I get a lot emails from people asking me these kinds of questions so let me start by being completely honest – when it comes to how much you should charge I really have no idea.

There are so many factors that need to be considered when setting your rates, and as an outsider I can’t examine any of them. What I can do for you though is point you in the right direction for figuring this all out for yourself.

Finding your pricing sweet spot should depend on a variety of elements, all of them very specific to you and your business. There are a number of things you need to look at:

1. How much time the job will take you – time is money and all that. It might be easier to think in an hourly rate, i.e. the longer and more complex the job, the more you should be paid.

2. How much doing this job will cost you - in expenses such as travel, kit or outsourcing anything. These obviously need to be covered by whatever you charge.

3. How many paid jobs you want to do per week/month/year - so you know how much you need to get paid, per job, to reach whatever salary you want to earn.

4. How much you need to earn, per job, to make a profit - because, after all, you hopefully want to make one. Make sure you add a little bit extra on your fee to get there!

5. How much it costs you to run your business - knowing this will help you figure out how much you need to earn for your business to be profitable. Taking all of the above into account as well of course.

6. Your experience - the more of it you have, the more you can charge. In the vet’s case, you also need to consider the traffic and reach of your blog. What kind of results can you give people who pay to be reviewed on your site? The more traffic your site has, the more you can command per article. How many products will the companies you feature need to sell off the back of your review for them to be happy about what they paid? For example, if you charge £200 for a review, a dog biscuit company might have to sell 40 packets of biscuits at £5 each to break even.

7. What you think you’re worth – how much do you think each job is worth? Would you be happy to do the task for £100? £500? £1000? £10,000?

8. What people are willing to pay you – it’s all very well and good quoting someone £10,000 for a job, but will they actually be willing to pay that?!

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The Blogcademy, San Francisco

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The night before our first Blogcademy workshop of the year I turned to Gala and squealed “I AM SO EXCITED!” It had been nearly six months since our last class in Auckland and I was dying to get cracking again.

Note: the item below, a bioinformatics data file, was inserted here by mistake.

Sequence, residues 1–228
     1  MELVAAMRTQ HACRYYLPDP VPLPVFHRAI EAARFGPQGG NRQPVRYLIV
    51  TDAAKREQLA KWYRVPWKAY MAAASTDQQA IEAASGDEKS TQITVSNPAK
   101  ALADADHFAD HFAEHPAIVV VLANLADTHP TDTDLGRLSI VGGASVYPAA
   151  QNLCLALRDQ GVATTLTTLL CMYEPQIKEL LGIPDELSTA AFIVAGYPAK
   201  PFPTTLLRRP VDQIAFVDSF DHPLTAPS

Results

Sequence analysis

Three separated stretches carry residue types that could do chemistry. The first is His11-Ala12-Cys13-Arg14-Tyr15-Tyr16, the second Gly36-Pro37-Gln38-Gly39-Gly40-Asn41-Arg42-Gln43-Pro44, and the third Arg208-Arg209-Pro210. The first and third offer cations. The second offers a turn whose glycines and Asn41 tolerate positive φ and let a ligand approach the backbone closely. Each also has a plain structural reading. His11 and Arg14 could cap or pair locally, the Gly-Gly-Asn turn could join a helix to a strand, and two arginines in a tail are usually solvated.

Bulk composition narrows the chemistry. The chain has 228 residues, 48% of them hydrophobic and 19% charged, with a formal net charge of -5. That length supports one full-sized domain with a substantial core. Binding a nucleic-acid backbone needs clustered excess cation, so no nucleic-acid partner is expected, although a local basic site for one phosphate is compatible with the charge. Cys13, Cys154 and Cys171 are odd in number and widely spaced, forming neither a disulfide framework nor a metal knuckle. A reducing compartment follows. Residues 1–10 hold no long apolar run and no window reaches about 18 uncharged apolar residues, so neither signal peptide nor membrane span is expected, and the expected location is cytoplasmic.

… And I wasn’t disappointed. I think this actually might have been one of the best classes ever!!

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The reason being that every single gorgeous creature that came along was enthusastic, driven, with a unique story to tell. Esme was a writer with some damn good style, Mariah passionately ran her organic skin care spa line (and had treats for everyone!), Erin was a sewing champion and Hannah paints her face everyday and posts photos on her blog!

Paula holds the world record for drawing Fred Flintstone (!) and blogs about fashion for the over 40s and Angela is a pastry connoisseur. I mean, goodness, what a diverse bunch ‘o babes!

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20 Ways to Keep Your Facebook Page Active

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Like most small business owners, I have a love/hate relationship with Facebook. We might all moan about whatever new development they implement next, but it is still, by far, the social media channel that brings the most traffic to my blog, and the one where the most reader engagement happens. Although the reach of your page may be decreasing due to whatever it is Facebook is up to at the moment, it is still a vital tool for any small business owner.

Here are 20 easy ways to keep your page active. The key with Facebook, or any social media outlet really, is to post things that your fans will want to engage with. Don’t just use it as a place to spam your latest business updates or blog links. Using a mixture of these ideas will help to naturally engage your fans, and over time, up your overall reach.

1. Update it regularly (at least daily)

2. Post funny, shareable memes

3. Ask questions

4. Run a contest

5. Share sneak peeks

6. Post funny, real life, stories that your audience will relate to

7. Post inspiring quotes

9. Engage with other people’s pages

10. Start conversations

11. Vary the lengths of your updates

12. Share trivia

13. Re-post old blog content

14. Run opinion polls

15. Share news stories

16. Give your fans special offers/discounts

17. Post infographics

18. Include videos

19. Remember who your audience are

20. Use Facebook Insights to post when your fans are online